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Flourless Coconut Peanut Butter Cookies

Flourless Coconut Peanut Butter Cookies

These flourless coconut peanut butter cookies are low in sugar, packed with protein and take just minutes to throw together. They’re naturally grain-free and dairy-free, too!

These flourless coconut peanut butter cookies are low in sugar, packed with protein and take just minutes to throw together. They're naturally grain-free and dairy-free, too!

This recipe for flourless peanut butter cookies is a riff on my chocolate flourless peanut butter cookies, which I almost always have a batch of in my freezer. I even frequently make a dozen of them for myself and eat two for breakfast.

Can I leave out the….?

I’ve gotten many requests for making flourless peanut  butter cookies without the cocoa powder, but that’s easier said than done. Although I do try to provide as much information on substitutions as possible in my recipes, I’m afraid many readers still assume that they should just be able to leave out an ingredient and still have the recipe turn out. I’m afraid it just doesn’t work like that!

I understand what it’s like when you see a recipe that looks so tempting, but it calls for an ingredient you simply can’t eat. So I do my best.

These flourless coconut peanut butter cookies are low in sugar, packed with protein and take just minutes to throw together. They're naturally grain-free and dairy-free, too!

Unless an ingredient is merely perched on top of, say, a cookie right before it goes into the oven (like an extra few chocolate chips), it enters into the chemical reaction that results in these delicious cookies. In fact, that chemical reaction is most amazing in a flourless baking recipe like this one.

As a general rule of thumb, too, the simpler the recipe, the more important the role of each individual ingredient. In flourless baking, something other than an ingredient ground into flour must provide the structure.

Here, it’s peanut butter. Peanut butter and chocolate can do absolutely amazing things in baking! Sometimes, it’s cooked quinoa or even black beans.

These flourless coconut peanut butter cookies are low in sugar, packed with protein and take just minutes to throw together. They're naturally grain-free and dairy-free, too!

We eat a ton of nut butter in my house, and much of it is in baking. Not only does nut butter provide an amazing base for creating all sorts of flourless baked goods, but it’s high in good fats and high in protein—plus, each of my 3 children loves it.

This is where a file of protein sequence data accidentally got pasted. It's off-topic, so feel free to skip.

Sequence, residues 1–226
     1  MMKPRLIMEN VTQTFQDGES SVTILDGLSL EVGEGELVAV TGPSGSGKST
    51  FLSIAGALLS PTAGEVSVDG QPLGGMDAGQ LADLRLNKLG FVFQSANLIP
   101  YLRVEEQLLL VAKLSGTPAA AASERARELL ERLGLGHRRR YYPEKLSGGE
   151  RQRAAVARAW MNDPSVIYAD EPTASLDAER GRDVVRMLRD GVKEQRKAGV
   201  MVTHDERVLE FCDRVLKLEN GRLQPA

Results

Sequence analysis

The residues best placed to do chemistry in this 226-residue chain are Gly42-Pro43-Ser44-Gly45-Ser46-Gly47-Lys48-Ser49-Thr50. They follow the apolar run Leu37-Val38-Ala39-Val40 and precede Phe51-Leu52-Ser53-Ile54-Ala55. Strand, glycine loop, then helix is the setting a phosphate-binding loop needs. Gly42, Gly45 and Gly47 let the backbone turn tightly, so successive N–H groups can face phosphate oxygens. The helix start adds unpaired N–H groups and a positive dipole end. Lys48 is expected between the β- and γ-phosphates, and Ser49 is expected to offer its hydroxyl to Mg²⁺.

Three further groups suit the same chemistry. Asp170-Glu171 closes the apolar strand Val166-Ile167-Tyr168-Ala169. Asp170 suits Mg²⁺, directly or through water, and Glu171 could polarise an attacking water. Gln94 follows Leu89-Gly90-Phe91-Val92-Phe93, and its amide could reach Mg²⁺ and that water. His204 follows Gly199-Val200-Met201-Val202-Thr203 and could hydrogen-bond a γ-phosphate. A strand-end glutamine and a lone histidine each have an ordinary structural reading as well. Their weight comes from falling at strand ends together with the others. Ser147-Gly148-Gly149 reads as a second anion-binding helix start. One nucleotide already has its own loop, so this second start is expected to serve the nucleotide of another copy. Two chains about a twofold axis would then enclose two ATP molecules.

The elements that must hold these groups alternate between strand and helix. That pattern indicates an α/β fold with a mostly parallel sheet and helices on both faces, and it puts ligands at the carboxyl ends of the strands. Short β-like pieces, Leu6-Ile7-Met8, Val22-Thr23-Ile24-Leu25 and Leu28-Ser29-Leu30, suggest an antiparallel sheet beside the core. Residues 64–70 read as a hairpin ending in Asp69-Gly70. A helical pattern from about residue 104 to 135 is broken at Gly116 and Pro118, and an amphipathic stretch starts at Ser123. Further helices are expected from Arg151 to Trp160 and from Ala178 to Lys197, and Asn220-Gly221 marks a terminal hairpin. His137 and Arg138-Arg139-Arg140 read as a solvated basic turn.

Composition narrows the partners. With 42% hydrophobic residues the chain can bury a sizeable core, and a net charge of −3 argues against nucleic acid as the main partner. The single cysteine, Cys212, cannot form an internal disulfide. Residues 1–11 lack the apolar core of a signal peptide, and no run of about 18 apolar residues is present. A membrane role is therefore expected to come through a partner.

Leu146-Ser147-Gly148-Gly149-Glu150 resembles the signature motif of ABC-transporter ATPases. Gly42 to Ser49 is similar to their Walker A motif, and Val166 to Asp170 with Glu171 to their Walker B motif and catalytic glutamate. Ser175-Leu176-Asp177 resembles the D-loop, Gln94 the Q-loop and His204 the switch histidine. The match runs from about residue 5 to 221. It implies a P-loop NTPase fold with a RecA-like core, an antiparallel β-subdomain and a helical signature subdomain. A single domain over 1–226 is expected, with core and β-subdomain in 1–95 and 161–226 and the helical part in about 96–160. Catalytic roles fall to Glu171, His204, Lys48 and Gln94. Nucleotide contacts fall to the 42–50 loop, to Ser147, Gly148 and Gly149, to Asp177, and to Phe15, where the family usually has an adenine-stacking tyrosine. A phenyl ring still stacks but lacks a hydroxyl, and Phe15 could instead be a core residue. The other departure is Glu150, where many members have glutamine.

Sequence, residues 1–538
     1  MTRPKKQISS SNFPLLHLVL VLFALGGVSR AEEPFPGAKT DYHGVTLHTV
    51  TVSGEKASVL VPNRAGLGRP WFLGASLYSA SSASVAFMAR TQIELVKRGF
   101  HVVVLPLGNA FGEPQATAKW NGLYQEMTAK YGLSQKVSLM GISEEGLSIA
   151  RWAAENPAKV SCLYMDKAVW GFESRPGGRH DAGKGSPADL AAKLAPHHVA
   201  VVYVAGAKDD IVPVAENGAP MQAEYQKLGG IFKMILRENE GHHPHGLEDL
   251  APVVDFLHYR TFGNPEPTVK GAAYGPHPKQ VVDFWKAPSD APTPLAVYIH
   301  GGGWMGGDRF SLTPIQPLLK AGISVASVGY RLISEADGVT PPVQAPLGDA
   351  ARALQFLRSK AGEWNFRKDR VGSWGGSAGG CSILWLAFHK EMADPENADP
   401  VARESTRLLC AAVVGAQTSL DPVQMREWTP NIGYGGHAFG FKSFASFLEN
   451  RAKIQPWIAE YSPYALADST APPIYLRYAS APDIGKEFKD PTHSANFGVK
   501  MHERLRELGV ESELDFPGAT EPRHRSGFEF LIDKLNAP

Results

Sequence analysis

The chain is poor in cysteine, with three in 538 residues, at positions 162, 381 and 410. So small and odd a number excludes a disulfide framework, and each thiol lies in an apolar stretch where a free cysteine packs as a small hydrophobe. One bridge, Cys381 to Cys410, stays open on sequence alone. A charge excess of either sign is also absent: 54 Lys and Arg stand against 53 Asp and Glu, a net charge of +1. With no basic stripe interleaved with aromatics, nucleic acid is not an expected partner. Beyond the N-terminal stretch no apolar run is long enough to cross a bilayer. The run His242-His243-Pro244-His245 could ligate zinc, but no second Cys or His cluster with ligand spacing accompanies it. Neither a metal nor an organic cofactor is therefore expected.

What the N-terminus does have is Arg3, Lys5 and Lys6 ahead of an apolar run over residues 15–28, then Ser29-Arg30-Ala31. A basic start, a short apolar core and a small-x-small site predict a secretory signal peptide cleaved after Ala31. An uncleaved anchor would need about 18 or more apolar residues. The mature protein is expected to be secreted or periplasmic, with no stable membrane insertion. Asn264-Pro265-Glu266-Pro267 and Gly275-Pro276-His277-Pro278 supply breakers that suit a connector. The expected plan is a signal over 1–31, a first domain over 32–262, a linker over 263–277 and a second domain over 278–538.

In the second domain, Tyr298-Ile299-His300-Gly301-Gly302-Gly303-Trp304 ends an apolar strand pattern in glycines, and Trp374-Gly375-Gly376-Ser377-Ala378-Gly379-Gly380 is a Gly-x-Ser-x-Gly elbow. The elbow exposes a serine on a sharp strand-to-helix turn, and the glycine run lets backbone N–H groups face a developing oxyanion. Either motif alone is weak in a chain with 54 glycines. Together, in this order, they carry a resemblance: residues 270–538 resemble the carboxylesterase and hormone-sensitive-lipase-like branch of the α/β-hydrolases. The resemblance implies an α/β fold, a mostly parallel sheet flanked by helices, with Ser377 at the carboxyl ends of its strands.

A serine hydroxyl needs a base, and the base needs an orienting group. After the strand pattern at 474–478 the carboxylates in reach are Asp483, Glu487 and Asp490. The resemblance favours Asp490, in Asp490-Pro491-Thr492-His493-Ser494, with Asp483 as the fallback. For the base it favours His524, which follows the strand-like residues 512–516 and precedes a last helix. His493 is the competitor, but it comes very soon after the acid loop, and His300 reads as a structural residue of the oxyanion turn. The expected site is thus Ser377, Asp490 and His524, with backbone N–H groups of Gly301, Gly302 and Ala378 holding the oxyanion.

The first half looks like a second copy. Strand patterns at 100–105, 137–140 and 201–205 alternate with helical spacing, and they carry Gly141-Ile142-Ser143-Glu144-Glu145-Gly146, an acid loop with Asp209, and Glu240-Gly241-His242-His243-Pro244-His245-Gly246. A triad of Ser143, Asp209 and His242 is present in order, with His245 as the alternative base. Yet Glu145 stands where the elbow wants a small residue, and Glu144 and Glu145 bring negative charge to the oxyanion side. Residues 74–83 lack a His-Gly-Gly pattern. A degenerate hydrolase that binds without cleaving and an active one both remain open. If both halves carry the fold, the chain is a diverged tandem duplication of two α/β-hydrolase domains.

These cookies have an amazing chewy texture that you wouldn’t think was possible without any flour. And they’re so, so different from their O.G. chocolate flourless peanut butter cookie cousins. The toasted coconut flakes help add structure, taste and texture.

My husband and I certainly didn’t have 3 children knowing that I would become a recipe developer by trade, but it’s certainly been very useful. All 3 of them have such different taste and texture preferences, so when they all 3 love something, I figure there’s a good chance you will, too!

These flourless coconut peanut butter cookies are low in sugar, packed with protein and take just minutes to throw together. They're naturally grain-free and dairy-free, too!

Ingredients and substitutions

I have tested these cookies many, many times and many ways, but not without eggs and not without peanuts. So these are my best-educated guesses for substitutions:

Egg-free: You could try a “chia egg” for each of the two eggs in this recipe. A “chia egg” is simply 1 tablespoon of ground chia seeds + 1 tablespoon lukewarm water, mixed and allowed to gel.

Peanut-free: You could try making these flourless peanut butter cookies with cashew butter or almond butter. I bet they would work great!

Dairy-free: This recipe is naturally dairy free, provided you are careful to use dairy-free chocolate chips.

Coconut-free: If you don’t like coconut sugar, you can replace it with an equal amount, by weight, of light brown sugar. In place of the toasted coconut chips, you can use an equal amount, by weight, of certified gluten free old-fashioned rolled oats.

Chocolate chips: In place of chocolate chips, you can use any sort of chips you like, or just use more coconut flakes in their place. You do need something to help provide some structure to the cookies, though, so you can’t simply leave them out.

Watch this super-short 45 second video of me making these peanut butter cookies.

Just push play ▶️ below to watch me, then make your own!

These flourless coconut peanut butter cookies are low in sugar, packed with protein and take just minutes to throw together. They're naturally grain-free and dairy-free, too! #dairyfree #grainfree #glutenfree #flourless

Like this recipe?

Prep time: Cook time: Yield: 14 cookies

Ingredients

1 cup (80 g) unsweetened coconut flakes (chips)

1 cup (256 g) no-stir natural peanut butter (no stir is the kind that doesn’t separate in the jar)

2 eggs (100 g, weighed out of shell) at room temperature, beaten

1 teaspoon baking soda

1/4 teaspoon kosher salt

1/4 cup + 2 tablespoons (86 g) coconut palm sugar, ground finely

1 teaspoon pure vanilla extract

2/3 cup (4 ounces) semi-sweet chocolate chips

Directions

  • Preheat your oven to 300°F. Line a large rimmed baking sheet with parchment paper, and place the coconut flakes on it in a single layer. Place in the center of the preheated oven and toast until the edges of the flakes begin to brown, about 5 minutes. Remove from the oven and set aside to cool. Increase the oven temperature to 350°F.